Compensation During Leave. An employee is paid for Declared Emergency Leave at the employee’s regular rate of pay. In the case of an employee who does not have a regular rate of pay, the employee’s rate of pay is determined by dividing: (x) the employee’s total gross earnings (including all tips, commissions, piecework or other earnings accrued on an irregular basis) for the most recent two-week period the employee worked; by (y) the number of hours the employee worked during that two-week period. This must be at least equal to the D.C. minimum wage.
Employee’s Notice to Employer. An employer can require an employee to provide notice of the need to use Declared Emergency Leave, but cannot require such notice to be provided more than 48 hours in advance of the need for such leave. If the need for leave is an emergency, the employer can require only “reasonable” notice (which still must be no more than 48 hours’ notice).
Certification of Need for Leave. An employer may require an employee to provide certification of the need to use Declared Emergency Leave only if: (1) the employer contributes payments toward a health insurance plan on behalf of the employee; and (2) the employee uses three or more consecutive working days of paid leave. If the employer requires certification, the employee cannot be required to provide the certification until one week after the employee’s return to work. The new law does not identify what certification is permitted or required; employers may consider drawing on the FFCRA certification requirements.
No Retaliation. An employer may not retaliate against an employee who seeks Declared Emergency Leave. This prohibits the employer from threatening the employee, issuing verbal or written warnings, or otherwise retaliating against the employee.
No Worker Substitution Search. An employer may not require an employee who needs Declared Emergency Leave to search for or identify another worker to perform the employee’s work during the leave.
Interaction With Other Leave Availability. Employers may require that an employee exhaust any available leave under federal or D.C. law or an employer’s own policies prior to using Declared Emergency Leave. If an employee uses all of the Declared Emergency Leave available and subsequently informs the employer of the employee’s continued need to be absent from work, the employer must inform the employee of any paid or unpaid leave to which the employee may be entitled pursuant to federal law, other D.C. law or the employer’s own policies.
Note that FFCRA prohibits employers from requiring an employee to use other employer-provided paid leave before the employee uses FFCRA paid sick leave. Accordingly, it appears that Declared Emergency Leave may be additional to: (1) the leave provided by FFCRA; (2) the 16 weeks of leave provided by D.C. FMLA (as modified on March 17, 2020, by Act 23-247); and (3) leave provided by the employer’s policies. Employers will need to analyze the patchwork of available leave entitlements when determining the sequencing of leave to which an employee may be entitled under the circumstances.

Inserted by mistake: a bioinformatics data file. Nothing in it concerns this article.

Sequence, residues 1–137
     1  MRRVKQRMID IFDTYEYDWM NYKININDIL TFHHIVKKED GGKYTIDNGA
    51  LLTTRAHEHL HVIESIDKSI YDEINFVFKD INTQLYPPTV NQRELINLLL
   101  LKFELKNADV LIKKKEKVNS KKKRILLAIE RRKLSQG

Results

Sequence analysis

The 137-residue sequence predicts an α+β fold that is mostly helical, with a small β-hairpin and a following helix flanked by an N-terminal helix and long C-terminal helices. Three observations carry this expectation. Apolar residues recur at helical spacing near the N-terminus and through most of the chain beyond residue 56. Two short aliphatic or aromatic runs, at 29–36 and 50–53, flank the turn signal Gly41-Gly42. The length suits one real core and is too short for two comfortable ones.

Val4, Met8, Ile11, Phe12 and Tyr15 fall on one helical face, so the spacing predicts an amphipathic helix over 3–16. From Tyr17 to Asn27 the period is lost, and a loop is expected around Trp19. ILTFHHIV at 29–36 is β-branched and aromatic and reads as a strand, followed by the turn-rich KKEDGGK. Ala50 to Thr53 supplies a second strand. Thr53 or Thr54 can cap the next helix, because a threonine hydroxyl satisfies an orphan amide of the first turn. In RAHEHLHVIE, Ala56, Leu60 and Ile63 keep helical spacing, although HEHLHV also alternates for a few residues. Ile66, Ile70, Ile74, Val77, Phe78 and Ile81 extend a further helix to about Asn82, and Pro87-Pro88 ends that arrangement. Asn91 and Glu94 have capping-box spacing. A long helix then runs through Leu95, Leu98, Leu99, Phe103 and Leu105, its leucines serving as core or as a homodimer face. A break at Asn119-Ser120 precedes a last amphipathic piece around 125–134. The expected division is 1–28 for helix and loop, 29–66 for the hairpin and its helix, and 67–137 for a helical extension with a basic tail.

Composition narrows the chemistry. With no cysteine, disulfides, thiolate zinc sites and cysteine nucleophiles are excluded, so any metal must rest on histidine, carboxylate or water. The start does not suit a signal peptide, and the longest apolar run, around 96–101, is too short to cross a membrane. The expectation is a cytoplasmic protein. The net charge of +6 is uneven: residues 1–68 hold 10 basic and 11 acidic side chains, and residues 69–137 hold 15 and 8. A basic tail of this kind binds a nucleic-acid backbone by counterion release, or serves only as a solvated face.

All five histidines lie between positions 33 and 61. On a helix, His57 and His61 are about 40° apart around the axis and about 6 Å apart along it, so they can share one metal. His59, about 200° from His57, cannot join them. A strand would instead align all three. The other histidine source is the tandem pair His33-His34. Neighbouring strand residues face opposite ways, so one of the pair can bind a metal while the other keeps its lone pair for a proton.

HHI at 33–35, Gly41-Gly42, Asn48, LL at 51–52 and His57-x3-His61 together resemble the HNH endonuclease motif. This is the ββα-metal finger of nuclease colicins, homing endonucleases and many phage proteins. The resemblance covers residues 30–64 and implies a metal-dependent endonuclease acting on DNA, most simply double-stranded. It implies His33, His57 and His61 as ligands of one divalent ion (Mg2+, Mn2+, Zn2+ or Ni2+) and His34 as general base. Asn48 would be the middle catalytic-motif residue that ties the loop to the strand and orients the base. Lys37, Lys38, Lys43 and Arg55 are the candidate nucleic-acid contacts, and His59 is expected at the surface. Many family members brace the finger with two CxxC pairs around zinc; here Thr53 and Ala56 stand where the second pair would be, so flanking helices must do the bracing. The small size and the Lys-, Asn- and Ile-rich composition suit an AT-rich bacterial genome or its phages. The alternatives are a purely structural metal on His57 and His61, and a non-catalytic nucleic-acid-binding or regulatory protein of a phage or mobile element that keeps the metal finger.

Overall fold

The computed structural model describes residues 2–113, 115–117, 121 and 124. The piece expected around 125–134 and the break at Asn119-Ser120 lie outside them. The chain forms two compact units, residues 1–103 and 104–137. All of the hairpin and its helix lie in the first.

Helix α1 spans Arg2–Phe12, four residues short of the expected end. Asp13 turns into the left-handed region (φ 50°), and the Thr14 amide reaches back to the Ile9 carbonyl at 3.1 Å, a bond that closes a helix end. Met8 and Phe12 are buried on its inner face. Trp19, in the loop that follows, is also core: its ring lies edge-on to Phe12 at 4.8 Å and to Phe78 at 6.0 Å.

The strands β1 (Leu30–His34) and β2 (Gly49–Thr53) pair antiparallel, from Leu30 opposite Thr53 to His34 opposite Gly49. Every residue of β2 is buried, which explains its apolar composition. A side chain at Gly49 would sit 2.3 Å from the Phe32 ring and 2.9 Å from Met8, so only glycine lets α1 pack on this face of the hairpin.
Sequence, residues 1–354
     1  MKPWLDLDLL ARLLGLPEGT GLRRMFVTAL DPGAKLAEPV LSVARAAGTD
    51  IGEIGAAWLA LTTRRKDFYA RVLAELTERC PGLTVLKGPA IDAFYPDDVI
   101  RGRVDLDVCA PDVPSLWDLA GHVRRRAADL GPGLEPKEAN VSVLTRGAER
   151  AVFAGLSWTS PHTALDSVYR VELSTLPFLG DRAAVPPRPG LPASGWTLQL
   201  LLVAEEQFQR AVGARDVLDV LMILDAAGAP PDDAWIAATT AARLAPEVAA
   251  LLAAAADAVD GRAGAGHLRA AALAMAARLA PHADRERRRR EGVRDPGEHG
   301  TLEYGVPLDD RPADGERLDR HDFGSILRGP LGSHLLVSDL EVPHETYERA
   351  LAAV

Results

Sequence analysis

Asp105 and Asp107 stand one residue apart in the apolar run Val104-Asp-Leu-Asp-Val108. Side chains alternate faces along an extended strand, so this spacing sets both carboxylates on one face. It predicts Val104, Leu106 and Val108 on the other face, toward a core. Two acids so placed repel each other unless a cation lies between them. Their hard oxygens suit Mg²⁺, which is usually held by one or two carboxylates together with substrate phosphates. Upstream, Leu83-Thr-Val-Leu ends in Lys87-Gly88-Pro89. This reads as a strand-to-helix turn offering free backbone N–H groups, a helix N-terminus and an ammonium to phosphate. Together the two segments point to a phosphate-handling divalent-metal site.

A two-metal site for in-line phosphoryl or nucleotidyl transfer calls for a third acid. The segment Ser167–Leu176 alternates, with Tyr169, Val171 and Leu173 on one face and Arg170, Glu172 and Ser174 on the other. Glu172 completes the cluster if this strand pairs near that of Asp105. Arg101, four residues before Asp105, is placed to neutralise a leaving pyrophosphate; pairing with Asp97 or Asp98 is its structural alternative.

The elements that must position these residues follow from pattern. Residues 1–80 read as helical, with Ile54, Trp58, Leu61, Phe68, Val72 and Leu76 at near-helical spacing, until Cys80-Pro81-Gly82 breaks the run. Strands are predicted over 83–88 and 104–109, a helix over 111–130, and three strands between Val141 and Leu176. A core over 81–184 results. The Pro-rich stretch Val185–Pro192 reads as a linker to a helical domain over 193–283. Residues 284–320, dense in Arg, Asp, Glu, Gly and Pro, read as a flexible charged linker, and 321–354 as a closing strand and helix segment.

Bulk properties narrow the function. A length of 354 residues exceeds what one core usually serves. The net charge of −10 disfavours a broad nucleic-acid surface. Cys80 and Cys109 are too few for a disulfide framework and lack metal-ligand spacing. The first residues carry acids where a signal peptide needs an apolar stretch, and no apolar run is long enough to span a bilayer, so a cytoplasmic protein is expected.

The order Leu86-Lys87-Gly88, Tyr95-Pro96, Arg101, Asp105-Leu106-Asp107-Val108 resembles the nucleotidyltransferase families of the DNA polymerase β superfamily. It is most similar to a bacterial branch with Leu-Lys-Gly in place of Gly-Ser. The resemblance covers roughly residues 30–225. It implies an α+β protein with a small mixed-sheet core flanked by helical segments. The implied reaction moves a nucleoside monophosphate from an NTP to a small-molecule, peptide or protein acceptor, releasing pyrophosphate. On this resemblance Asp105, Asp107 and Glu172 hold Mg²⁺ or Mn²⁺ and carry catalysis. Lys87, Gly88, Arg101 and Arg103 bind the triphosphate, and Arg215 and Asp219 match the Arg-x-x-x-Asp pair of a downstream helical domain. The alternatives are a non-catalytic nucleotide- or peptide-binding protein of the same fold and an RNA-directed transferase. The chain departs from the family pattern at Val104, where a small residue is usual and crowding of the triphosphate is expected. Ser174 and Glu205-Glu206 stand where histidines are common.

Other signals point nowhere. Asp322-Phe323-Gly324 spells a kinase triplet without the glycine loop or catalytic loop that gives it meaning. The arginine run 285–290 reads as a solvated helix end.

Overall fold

Duration of Applicability. Declared Emergency Leave is available only during the COVID-19 emergency, which means the emergencies declared in the mayor’s March 11, 2020, Declaration of Public Emergency and Declaration of Public Health Emergency, including any extension of those declared emergencies.
Violations. The new law requires the D.C. mayor to provide an employer who violates this new law with an opportunity to cure such violation within five business days from the date the employer is notified in writing of the potential violation of the law. Under ASSLA, employees may file a lawsuit and claim lost wages, compensatory and punitive damages, and attorneys’ fees, among other categories of damages.
Record Keeping. The new law does not provide record-keeping requirements separate from those already included in ASSLA. Under ASSLA, employers must retain records documenting hours worked by employees and paid leave taken by employees for a period of three years or the prevailing federal standard at the time the record is created. If the employer does not maintain or retain adequate records documenting hours worked by the employee and paid leave taken by the employee, a rebuttable presumption exists that the employer has violated the ASSLA.
For more information about the COVID-19 Response Supplemental Emergency Amendment Act of 2020 or any other aspect of D.C. employment law, please contact the authors of this article or your McGuireWoods labor and employment contact.
McGuireWoods has published additional thought leadership related to how companies across various industries can address crucial COVID-19-related business and legal issues.